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The Jakarta Post
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Stigma, discrimination hamper leprosy eradication

  • Gemma Holliani Cahya
    Gemma Holliani Cahya

    The Jakarta Post

Jakarta | Sat, October 20, 2018 | 08:26 am
Stigma, discrimination hamper leprosy eradication A leprosy patient is assisted by a nurse at Alverno Hospital in Singkawang, West Kalimantan, while he votes. (JP/Severius Endi)

Stigma and discrimination continue to hinder people with leprosy from having a normal life, according to World Health Organization (WHO) goodwill ambassador for leprosy elimination Yohei Sasakawa.

Although leprosy medication and an early detection program are now available for free and can be found in health facilities across the country, many who suffer from the disease isolate themselves from their community, embarrassed by their condition.

“We already have the medication to treat leprosy, but it’s more difficult to reduce the stigma and discrimination against patients or former patients than to treat them,” said Sasakawa, who has been a WHO goodwill ambassador since 2001. The Nippon Foundation chairman further said that elimination and better welfare can be achieved through a systematic approach.

Al Qadri, deputy head of the Leprosy Association (Permata), an NGO that specializes in educating the community about leprosy as well as providing counseling for leprosy patients, said that discrimination has prevented many sufferers from receiving the proper treatment.

“Because of the stigma of leprosy, people are afraid that if they go to health facilities to get treatment, then others will know they have such an embarrassing disease. Therefore, many still keep hiding,” he said on Oct. 4.

They are not only discriminated by their community, but also feel insecure and therefore they do not want to go out and join the community, hiding inside their homes, Qadri said.

Indonesia achieved the global target of eliminating leprosy as a public health problem with the prevalence rate of less than 1 per 10,000 people at a national level in 2000, after it had intensified leprosy diagnosis and multidrug therapy starting in 1990.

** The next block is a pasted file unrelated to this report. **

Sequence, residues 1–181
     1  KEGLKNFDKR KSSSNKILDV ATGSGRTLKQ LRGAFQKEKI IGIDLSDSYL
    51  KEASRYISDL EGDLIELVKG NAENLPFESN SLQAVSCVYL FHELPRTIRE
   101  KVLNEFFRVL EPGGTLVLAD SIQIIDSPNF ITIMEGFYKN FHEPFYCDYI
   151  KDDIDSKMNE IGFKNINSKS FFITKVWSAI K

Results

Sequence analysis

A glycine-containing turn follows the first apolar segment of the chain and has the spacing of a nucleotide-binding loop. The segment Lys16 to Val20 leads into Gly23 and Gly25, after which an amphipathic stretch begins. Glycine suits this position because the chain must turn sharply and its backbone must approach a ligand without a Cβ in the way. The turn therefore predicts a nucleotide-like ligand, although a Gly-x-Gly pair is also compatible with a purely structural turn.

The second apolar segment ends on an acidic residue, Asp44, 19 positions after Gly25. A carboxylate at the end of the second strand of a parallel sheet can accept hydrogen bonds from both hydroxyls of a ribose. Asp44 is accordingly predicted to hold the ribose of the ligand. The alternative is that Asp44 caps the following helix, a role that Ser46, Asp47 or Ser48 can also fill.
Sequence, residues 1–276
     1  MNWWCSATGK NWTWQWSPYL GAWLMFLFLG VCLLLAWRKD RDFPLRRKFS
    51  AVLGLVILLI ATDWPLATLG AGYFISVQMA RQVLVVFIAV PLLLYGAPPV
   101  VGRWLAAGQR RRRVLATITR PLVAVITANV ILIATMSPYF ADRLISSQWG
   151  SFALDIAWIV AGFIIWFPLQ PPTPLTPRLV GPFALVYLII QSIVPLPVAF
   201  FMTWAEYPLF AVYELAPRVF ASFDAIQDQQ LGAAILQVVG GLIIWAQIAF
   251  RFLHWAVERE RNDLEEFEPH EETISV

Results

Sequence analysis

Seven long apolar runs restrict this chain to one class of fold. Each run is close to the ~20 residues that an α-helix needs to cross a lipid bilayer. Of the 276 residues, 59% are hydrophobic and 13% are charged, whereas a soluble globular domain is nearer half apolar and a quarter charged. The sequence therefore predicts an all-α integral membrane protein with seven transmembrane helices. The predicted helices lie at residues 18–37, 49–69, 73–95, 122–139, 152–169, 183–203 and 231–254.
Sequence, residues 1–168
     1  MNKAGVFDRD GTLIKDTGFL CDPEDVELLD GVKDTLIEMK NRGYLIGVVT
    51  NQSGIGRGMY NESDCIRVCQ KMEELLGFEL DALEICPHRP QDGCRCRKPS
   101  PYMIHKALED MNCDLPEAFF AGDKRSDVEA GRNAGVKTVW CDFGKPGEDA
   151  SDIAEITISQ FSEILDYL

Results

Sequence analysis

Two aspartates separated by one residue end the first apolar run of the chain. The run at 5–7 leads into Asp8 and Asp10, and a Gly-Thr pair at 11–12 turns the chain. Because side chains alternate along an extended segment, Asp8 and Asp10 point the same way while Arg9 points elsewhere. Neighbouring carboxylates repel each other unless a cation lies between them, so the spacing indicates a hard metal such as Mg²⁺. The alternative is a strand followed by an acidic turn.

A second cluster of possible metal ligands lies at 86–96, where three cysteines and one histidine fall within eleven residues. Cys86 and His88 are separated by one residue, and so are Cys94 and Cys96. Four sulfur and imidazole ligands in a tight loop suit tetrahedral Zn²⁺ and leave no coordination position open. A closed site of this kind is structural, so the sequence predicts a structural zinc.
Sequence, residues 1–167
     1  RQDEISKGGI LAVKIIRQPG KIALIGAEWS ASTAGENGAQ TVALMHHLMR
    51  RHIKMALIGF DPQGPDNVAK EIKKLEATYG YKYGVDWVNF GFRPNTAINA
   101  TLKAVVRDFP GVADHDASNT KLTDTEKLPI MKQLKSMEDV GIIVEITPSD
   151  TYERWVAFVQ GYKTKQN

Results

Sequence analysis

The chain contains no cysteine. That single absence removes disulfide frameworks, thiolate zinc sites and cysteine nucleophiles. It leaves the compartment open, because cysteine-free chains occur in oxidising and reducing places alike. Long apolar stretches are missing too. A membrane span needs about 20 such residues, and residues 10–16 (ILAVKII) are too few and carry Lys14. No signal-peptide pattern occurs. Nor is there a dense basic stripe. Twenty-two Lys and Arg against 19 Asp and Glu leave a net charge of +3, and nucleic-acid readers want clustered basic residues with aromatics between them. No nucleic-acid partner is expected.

However, currently, Indonesia has the third-highest number of annual new cases, after India and Brazil. Based on a 2016 WHO report, 16,826 new cases are reported each year, and the number accounts for 7.8 percent of 214,783 new leprosy cases globally. 

Sasakawa put a positive light on the findings of new cases, saying that it proved the communities and health facilities are more aware and proactive in finding and treating leprosy cases.

Therefore, he said he was optimistic that the coordination of related institutions and ministries to fight leprosy would be fruitful.

In 2016, family-based case-finding activities were introduced and promoted by the Health Ministry through the Find a Patch campaign, which raises awareness about detecting early signs of leprosy within a family.

The national program aims to eliminate leprosy nationwide by the end of 2019.

West Papua, North Maluku and Papua are three provinces with the highest leprosy prevalence rates in the nation, at 11.48 percent, 4.54 percent and 4.06 percent, respectively.

“Many [in these provinces] still think that the disease is a curse and inherited, and it hampers the treatment, because people with this disease are still neglected by their family and community, forcing them to hide in their room. It makes it difficult for us to eliminate [leprosy] in Indonesia because [those who are hiding] can still be a source of transmission,” said Sitti Ganefa, head of the Health Ministry’s leprosy and yaws division.



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